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Engaging essays that explore poetry's relationship to life and to other forms of literature


Poet, scholar, teacher, editor, and critic John Hollander has been a colossal presence in the American literary community for several decades. He is known for his mastery of prosody as well as for the wit, nuance, and charm of his poetry. Filled with literary, philosophical, and religious allusions, his work has been compared to the neoclassical writers of the seventeenth century. A difficult and rewarding poet, Hollander challenges his readers to bring everything they possess to the reading of each poem, as he does to the writing of them.
In The Poetry of Everyday Life, Hollander grapples with issues of poetry and the imagination. In a series of aphorisms, The book's title essay distinguishes between poetry's relations to the rest of life and other kinds of literature that merely deal literally with it. The essay introduces a range of other prose writing, from poetic fictions in prose (which Hollander calls "enigmatic narratives") to literary essays and memoirs of poets such as W. H. Auden, James Merrill, and Anthony Hecht. There are observations on the eternal problem of verse translation, as well as an interview with Langdon Hammer. Unburdened by theoretical agendas, both the short fables and the critical essays in this volume concern various aspects of the ways in which poetry can engage life most strongly when it most deeply regards itself.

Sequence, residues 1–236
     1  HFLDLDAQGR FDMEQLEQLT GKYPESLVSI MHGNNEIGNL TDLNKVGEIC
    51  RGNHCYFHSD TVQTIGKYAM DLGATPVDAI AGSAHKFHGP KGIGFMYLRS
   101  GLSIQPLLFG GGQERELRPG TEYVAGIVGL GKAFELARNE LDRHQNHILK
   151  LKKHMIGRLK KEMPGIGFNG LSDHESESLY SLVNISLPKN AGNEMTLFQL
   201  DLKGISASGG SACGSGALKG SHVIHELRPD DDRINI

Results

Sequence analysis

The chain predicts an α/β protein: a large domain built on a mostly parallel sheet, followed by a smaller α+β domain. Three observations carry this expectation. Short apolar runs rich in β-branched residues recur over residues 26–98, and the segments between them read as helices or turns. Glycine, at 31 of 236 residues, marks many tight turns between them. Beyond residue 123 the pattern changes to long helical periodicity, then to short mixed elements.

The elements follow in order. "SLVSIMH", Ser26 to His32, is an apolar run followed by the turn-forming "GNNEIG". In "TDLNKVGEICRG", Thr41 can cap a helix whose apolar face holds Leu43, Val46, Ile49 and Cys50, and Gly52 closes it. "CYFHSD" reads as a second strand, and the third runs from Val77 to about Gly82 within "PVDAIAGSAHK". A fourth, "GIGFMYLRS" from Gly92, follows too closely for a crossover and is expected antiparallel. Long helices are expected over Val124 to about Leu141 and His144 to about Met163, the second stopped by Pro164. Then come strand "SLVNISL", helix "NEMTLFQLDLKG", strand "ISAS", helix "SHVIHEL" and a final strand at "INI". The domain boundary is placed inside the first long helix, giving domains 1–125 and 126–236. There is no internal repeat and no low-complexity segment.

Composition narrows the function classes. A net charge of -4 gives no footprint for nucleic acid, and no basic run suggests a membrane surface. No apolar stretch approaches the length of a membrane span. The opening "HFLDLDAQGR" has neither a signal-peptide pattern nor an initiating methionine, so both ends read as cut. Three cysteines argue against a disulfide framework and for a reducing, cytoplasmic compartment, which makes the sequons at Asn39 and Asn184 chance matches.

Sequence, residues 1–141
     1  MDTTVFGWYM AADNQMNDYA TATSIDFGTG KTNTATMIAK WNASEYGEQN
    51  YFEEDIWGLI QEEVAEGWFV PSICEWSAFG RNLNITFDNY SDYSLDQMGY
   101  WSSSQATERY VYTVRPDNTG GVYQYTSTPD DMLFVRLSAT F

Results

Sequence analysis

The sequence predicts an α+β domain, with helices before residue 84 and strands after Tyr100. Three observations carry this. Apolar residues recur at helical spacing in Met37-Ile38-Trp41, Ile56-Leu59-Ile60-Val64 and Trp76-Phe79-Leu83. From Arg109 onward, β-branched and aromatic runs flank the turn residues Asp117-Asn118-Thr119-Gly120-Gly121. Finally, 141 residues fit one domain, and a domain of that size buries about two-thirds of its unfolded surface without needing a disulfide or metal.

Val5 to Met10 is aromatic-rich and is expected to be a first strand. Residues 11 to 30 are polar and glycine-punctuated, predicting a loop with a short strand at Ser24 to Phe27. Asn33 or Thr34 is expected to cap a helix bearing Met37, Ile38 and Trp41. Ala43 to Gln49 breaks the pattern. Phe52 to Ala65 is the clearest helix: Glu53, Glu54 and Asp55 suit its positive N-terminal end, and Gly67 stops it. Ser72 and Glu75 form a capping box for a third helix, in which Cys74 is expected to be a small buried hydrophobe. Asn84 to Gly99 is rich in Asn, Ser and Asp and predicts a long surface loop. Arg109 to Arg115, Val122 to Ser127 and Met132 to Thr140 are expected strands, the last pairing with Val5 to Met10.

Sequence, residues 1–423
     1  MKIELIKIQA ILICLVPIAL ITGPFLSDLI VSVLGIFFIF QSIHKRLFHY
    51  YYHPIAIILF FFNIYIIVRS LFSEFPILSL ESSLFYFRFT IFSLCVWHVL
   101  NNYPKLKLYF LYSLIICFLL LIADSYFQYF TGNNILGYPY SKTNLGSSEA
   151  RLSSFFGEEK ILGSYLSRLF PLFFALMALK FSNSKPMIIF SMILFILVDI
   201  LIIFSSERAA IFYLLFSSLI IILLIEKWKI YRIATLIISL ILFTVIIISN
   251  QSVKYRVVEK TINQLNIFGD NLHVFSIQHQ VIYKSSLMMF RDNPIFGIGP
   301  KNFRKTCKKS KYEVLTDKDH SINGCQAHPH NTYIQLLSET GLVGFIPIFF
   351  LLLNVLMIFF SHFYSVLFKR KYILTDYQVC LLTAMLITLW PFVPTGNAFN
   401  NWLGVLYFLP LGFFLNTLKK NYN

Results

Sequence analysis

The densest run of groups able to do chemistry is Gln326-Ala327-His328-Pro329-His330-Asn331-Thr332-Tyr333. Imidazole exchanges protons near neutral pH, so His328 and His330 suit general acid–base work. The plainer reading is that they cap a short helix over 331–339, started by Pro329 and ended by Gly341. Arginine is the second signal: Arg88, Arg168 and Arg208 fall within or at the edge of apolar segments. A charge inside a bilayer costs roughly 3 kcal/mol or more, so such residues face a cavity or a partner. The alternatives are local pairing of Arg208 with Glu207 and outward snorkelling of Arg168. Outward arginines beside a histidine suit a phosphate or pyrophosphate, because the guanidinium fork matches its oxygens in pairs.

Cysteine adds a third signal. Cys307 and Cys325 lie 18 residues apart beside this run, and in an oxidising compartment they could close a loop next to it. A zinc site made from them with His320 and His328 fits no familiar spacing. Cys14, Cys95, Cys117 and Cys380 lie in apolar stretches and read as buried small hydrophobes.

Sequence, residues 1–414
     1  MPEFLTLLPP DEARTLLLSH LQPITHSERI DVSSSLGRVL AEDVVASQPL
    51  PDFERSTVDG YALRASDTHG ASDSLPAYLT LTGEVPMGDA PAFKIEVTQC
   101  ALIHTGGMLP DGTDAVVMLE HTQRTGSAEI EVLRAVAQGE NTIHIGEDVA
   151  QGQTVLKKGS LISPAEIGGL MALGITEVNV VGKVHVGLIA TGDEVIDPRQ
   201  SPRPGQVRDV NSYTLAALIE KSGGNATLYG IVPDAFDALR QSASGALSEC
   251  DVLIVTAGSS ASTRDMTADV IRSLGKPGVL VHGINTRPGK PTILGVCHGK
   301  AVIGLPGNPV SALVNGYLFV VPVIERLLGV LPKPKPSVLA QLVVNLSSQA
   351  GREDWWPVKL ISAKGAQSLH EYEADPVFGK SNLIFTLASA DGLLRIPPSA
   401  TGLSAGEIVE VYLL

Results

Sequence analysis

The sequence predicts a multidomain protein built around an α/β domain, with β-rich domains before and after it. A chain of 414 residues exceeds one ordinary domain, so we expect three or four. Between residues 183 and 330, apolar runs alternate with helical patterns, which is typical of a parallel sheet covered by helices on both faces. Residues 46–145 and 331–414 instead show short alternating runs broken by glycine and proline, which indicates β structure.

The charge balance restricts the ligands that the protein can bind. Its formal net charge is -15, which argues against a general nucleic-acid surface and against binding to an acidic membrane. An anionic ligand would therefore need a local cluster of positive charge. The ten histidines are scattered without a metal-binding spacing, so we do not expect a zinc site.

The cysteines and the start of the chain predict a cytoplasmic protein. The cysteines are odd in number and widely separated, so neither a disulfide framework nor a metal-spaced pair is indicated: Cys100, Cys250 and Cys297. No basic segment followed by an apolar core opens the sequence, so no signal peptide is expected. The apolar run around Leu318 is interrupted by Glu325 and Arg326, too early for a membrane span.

John Hollander is the author of numerous books of poetry, including Types of Shape, Harp Lake, and In Time and Place, and criticism, including The Work of Poetry and The Gazer's Spirit. He is Sterling Professor of English, Yale University.